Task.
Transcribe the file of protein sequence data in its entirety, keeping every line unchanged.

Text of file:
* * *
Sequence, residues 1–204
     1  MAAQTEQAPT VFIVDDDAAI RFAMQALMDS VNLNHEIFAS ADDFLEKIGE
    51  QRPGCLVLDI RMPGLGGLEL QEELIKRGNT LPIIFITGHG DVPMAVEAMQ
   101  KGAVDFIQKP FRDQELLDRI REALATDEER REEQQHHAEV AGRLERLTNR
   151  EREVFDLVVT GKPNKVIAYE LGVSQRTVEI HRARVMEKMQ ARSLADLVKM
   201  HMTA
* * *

Sequence, residues 1–204
     1  MAAQTEQAPT VFIVDDDAAI RFAMQALMDS VNLNHEIFAS ADDFLEKIGE
    51  QRPGCLVLDI RMPGLGGLEL QEELIKRGNT LPIIFITGHG DVPMAVEAMQ
   101  KGAVDFIQKP FRDQELLDRI REALATDEER REEQQHHAEV AGRLERLTNR
   151  EREVFDLVVT GKPNKVIAYE LGVSQRTVEI HRARVMEKMQ ARSLADLVKM
   201  HMTA